Campaign as a template for the Arab cause. It sounded like a good idea. After all, why shouldn’t there be a Palestine Solidarity Campaign? There was general approval of the scheme, and henceforth, in our demonstrations in Hyde Park or Trafalgar Square, we carried the banners STUDENTS AND WORKERS: UNITE AND FIGHT; AMERICA: GO HOME; MAO WILL LIVE A MILLION YEARS; and JUSTICE FOR PALESTINE.

At the Egyptian Information Office, things were far more serious, as the sound of the war drums grew louder by the day. Arab students driven by national sentiment were seeking ways of participating in the war against Israel. All over the building, meetings were taking place, statements being written, committees being formed, radio broadcasts being carefully monitored. The place had the feel of a war room. As we headed into June, and the armed conflict appeared more and more unavoidable, demonstrations grew in size and bathos, not unlike a rowdy boxing match. In Hyde Park’s famed “Speakers Corner,” brawls broke out between young Arabs and Jews. The opposing sides, both wearing identical faded jeans, traded insults. My brother Zaki, fresh from Cambridge, was an elegant debater who delivered a forceful defense of Palestinian rights. But the crowds rarely valued the subtlety of a finely trained mind, as more often than not the debates degenerated into shouting matches. We called them fascists, and they called us fascists. Sometimes the verbal sparring transmogrified into physical blows, and in one case an angry Israeli supporter rushed at me, fists bared and ready to strike. I stood there dumbfounded, and would have gotten a good beating if the attacker hadn’t been pushed away by a fellow Palestinian student standing next to me. (Three decades later, he would be the dean of the science faculty at Al-Quds University.) That night we had to take him to the hospital to be stitched from a ferocious bite to the cheek. During one demonstration, one of our Jewish counterparts made an extraordinary assertion. We Palestinians, he maintained with his umbrella pointed menacingly in our direction, were the real usurpers. We didn’t belong in Palestine. When the first Zionists arrived, shovel 96

in hand, the country had been empty, barren, and neglected, hardly fit for jackals. “My family arrived in Jerusalem long before the Norman invasion,” I shouted back at him. “Why did you refuse the partition plan and go on to attack?” another protester shouted at me. The first protester nodded approvingly. “Answer him!” I heard someone else mutter. But I was too astonished to say a word. Later, back in the café, I gave the incident some thought. Never before had I heard someone come out with the old canard that we Arabs had drifted into Palestine and as such had no deep loyalty or right to its soil. How could an educated man, as the man with the umbrella doubtlessly was, deny the obvious? How could he, with a wave of his umbrella, wipe away 1,300 years of my family history? As the summer dragged on and the war drums beat louder, the atmosphere in London grew more hostile. Public opinion was increasingly against us, and Israel’s supporters were winning the PR battle. One day, our beleaguered faction received a visit that printed itself indelibly in my mind. A well-dressed man walked up to my brother during the weekly Hyde Park row and invited him to address a sympathetic English audience. It was a thrilling offer. Finally, we thought, we could present our case in front of respectable people. My brother went, and when he returned to our café he looked downcast. “What is it?” we asked, worried that he had been lured into a Zionist trap. “You wouldn’t believe it,” he started with an expression between laughter and tears. “The people who invited me to speak were Nazis. You know, fascist pigs.” Our fervent belief in our cause wasn’t shaken, but it was appalling to discover the brown tint to our only English “allies.” ••• The one good thing that came out of all the 1960s histrionics was that 97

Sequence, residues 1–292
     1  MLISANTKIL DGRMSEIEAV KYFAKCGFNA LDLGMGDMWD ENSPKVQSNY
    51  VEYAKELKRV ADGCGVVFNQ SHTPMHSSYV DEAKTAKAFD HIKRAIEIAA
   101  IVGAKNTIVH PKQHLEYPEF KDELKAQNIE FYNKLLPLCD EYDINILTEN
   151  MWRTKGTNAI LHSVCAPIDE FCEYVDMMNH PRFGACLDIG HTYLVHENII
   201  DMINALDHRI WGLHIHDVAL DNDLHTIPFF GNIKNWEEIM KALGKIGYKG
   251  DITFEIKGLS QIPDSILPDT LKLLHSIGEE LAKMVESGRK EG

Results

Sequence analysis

I was politically engaged for the first time, even if it was in a barely conscious manner. I enjoyed the passion and commitment exhibited by both sides. Strangely, I didn’t even associate all the war talk with real physical violence. All I knew about the military was the Boy Scout–like drills we had to do at St. George’s and the flurry of activity around the house when the king’s tanks rolled up to the front door. It wasn’t hatred I felt, only the excitement of the moment, like at a soccer match. It was during these heady days leading up to disaster that I was first recruited to Arafat’s Fatah organization. (Spelled backward, Fatah is the Arabic acronym for the “Palestinian National Liberation Movement.”) All I knew about it at the time was that it was a clandestine Palestinian national liberation movement whose mission was to lead the Palestinian people to freedom. My simple assignment was to collect donations. Holding the official receipt book in my hands and seeing Fatah’s emblem emboldened on every page made me feel a part of some vast rumbling coming up from the depths of the Palestinian psyche. My connection to Arafat and his Fatah movement has always been tenuous, often ambivalent. As someone who from childhood was repelled by political chatter, the movement attracted me because unlike the different flavors of Marxism, it was a national movement with a sober, commonsensical approach to ideology. And for all its flaws, over the years Fatah has more or less managed to adjust to new realities; steering clear of the endless babble of intellectuals and ideologues, it has opted for direct action. Before Arafat’s Fatah began to shake things up, the PLO wasn’t very different from the All-Palestine Government in Gaza. It was set up by Arab states, and the people installed to run the operation were expected to follow the lead of the Arab governments. Ahmad Shukeiri (1908–1980), its first designated leader, was anything but a radical. He was a lawyer by training and a politician by profession: he had been the assistant secretary general for the Arab League. Most of the other top PLO leaders were upper-class intellectuals living in Jordan. 98